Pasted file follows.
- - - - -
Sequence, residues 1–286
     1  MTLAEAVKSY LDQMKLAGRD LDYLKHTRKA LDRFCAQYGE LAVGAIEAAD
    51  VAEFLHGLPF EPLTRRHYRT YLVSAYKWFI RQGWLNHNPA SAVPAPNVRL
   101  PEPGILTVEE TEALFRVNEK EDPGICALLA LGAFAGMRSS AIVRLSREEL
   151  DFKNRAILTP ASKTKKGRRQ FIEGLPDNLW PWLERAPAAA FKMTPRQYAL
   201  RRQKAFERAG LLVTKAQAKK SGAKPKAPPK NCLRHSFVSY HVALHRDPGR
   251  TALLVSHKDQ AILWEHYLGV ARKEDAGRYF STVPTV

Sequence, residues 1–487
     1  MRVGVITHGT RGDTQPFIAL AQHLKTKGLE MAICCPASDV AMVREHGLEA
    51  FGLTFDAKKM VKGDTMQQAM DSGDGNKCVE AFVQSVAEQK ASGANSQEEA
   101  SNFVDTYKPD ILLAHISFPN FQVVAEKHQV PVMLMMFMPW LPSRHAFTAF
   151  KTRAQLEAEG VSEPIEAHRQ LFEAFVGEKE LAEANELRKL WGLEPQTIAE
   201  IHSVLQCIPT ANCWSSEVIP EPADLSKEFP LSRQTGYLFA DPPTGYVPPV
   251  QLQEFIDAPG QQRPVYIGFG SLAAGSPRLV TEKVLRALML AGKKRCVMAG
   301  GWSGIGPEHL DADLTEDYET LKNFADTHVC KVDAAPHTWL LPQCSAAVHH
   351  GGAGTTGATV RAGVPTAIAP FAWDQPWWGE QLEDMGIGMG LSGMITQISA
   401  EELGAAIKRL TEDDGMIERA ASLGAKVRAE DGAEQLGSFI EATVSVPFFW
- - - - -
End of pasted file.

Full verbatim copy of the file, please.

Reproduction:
Sequence, residues 1–286
     1  MTLAEAVKSY LDQMKLAGRD LDYLKHTRKA LDRFCAQYGE LAVGAIEAAD
    51  VAEFLHGLPF EPLTRRHYRT YLVSAYKWFI RQGWLNHNPA SAVPAPNVRL
   101  PEPGILTVEE TEALFRVNEK EDPGICALLA LGAFAGMRSS AIVRLSREEL
   151  DFKNRAILTP ASKTKKGRRQ FIEGLPDNLW PWLERAPAAA FKMTPRQYAL
   201  RRQKAFERAG LLVTKAQAKK SGAKPKAPPK NCLRHSFVSY HVALHRDPGR
   251  TALLVSHKDQ AILWEHYLGV ARKEDAGRYF STVPTV

Sequence, residues 1–487
     1  MRVGVITHGT RGDTQPFIAL AQHLKTKGLE MAICCPASDV AMVREHGLEA
    51  FGLTFDAKKM VKGDTMQQAM DSGDGNKCVE AFVQSVAEQK ASGANSQEEA
   101  SNFVDTYKPD ILLAHISFPN FQVVAEKHQV PVMLMMFMPW LPSRHAFTAF
   151  KTRAQLEAEG VSEPIEAHRQ LFEAFVGEKE LAEANELRKL WGLEPQTIAE
   201  IHSVLQCIPT ANCWSSEVIP EPADLSKEFP LSRQTGYLFA DPPTGYVPPV
   251  QLQEFIDAPG QQRPVYIGFG SLAAGSPRLV TEKVLRALML AGKKRCVMAG
   301  GWSGIGPEHL DADLTEDYET LKNFADTHVC KVDAAPHTWL LPQCSAAVHH
   351  GGAGTTGATV RAGVPTAIAP FAWDQPWWGE QLEDMGIGMG LSGMITQISA
   401  EELGAAIKRL TEDDGMIERA ASLGAKVRAE DGAEQLGSFI EATVSVPFFW